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Retailers must use direct marketing to try to re-create the kind of individual relationships that customers yearn for, says consultant Gilles Goldenberg.

Mr. Goldenberg, Deloitte & Touche partner responsible for retail consulting in Paris, addressed executives in Brussels this month at a seminar on advertising effectiveness in Europe. He said one of the major problems retailers face "is the lack of personal relationship between them and their clients."

Keeping businesses cost-effective, especially in France, the U.K. and Germany, makes a return to face-to-face dealings hard to achieve, he said, but making greater use of direct marketing techniques to rekindle the kind of individual relationship that people want is the way to go.

Judy Judd, international business director at Alice, Paris, spoke about the essential elements for cross-border ad campaigns.

"You are probably best off not to try it, but if you [do], stick to very simple rules," she advised. "You have to get away from local advertising culture, and France and the U.K. have very specific ones. You are better off telling a story so that people can follow it through from beginning to end."

John Philip Jones, professor of marketing at Syracuse University, noted that media advertising has been stagnant or declining since 1984 and contended that has boosted the already great competition between ad agencies.

As a result, "clients have progressively reduced agency compensation, thus diminishing agencies' ability to generate superior advertising-something that might compensate for the flattening of media investments," Mr. Jones said.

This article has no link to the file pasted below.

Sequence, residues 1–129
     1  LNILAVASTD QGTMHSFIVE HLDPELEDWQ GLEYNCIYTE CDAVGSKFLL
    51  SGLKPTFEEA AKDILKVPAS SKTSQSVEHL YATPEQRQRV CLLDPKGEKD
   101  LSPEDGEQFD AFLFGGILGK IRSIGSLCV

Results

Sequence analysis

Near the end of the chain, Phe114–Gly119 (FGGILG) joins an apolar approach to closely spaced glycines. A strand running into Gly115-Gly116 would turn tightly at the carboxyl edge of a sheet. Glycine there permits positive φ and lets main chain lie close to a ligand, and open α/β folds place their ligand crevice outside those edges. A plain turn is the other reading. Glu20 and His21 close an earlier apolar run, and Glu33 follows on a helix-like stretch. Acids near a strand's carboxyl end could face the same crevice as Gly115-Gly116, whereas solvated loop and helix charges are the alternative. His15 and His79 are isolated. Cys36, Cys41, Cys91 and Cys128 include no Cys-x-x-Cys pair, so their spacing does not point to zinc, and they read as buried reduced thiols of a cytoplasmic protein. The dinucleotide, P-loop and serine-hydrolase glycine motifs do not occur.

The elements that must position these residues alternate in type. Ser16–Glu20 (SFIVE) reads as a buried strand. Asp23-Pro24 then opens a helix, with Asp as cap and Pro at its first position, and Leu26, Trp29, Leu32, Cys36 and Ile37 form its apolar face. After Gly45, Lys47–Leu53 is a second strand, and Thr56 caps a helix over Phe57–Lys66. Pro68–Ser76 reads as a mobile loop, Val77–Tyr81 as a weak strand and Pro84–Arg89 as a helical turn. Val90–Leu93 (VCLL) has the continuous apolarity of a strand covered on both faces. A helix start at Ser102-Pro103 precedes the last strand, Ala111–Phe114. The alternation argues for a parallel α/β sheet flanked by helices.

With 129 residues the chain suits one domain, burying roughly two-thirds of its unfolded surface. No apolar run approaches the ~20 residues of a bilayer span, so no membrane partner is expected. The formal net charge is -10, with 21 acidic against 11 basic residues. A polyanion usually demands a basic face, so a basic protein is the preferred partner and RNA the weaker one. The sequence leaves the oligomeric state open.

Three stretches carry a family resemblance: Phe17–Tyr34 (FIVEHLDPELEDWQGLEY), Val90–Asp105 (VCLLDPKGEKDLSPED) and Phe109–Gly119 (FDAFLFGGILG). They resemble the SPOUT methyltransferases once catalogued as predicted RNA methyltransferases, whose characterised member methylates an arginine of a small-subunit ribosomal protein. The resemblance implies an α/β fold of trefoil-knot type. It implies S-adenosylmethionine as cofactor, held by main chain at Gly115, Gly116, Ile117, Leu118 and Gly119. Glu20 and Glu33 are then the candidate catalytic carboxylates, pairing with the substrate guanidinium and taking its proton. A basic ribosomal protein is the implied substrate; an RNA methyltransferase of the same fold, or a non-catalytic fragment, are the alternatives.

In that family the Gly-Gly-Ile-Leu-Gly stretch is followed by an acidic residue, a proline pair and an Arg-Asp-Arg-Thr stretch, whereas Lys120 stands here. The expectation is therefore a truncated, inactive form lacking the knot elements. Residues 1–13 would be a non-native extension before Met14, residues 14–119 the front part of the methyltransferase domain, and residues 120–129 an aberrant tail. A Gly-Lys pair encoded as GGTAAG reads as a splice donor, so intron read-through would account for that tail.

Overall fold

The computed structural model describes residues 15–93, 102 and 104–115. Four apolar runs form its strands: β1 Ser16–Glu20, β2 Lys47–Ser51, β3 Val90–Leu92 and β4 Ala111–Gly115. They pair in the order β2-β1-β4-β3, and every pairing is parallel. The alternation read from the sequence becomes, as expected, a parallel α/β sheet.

The only way that advertising can re-establish its commercial viability is by a dramatic improvement in ad accountability, he said, explaining, "The industry must demonstrate-unambiguously-that advertising pays."

In the past, the ad industry couldn't demonstrate the short-term, sales-generating effectiveness of advertising except in direct response. Today, however, sales measurement by scanners makes it possible to track sales on a week by week, or even a day by day, basis, he said.

But Paul Feldwick, executive planning director at BMP DDB Needham Worldwide, London, said that, despite frequent calls for advertising to be accountable, "it is very rare for a campaign to create an increase in profit big enough to cover its cost."

He added: "The justification has to be that without [advertising], sales would suffer. It is, therefore, fair to describe the objective of much advertising as defensive."

Other speakers at the conference, organized by Advertising Seminars International, Brighton, England, included Anne-Marie Verdin, Euro Disney ad director; Malcolm Hunter, head of planning, Lintas, Paris; and Nigel Hollis, group research and development director at market research company Millward Brown International, Warwick, England, and exec VP at Millward Brown Inc., its U.S. division.

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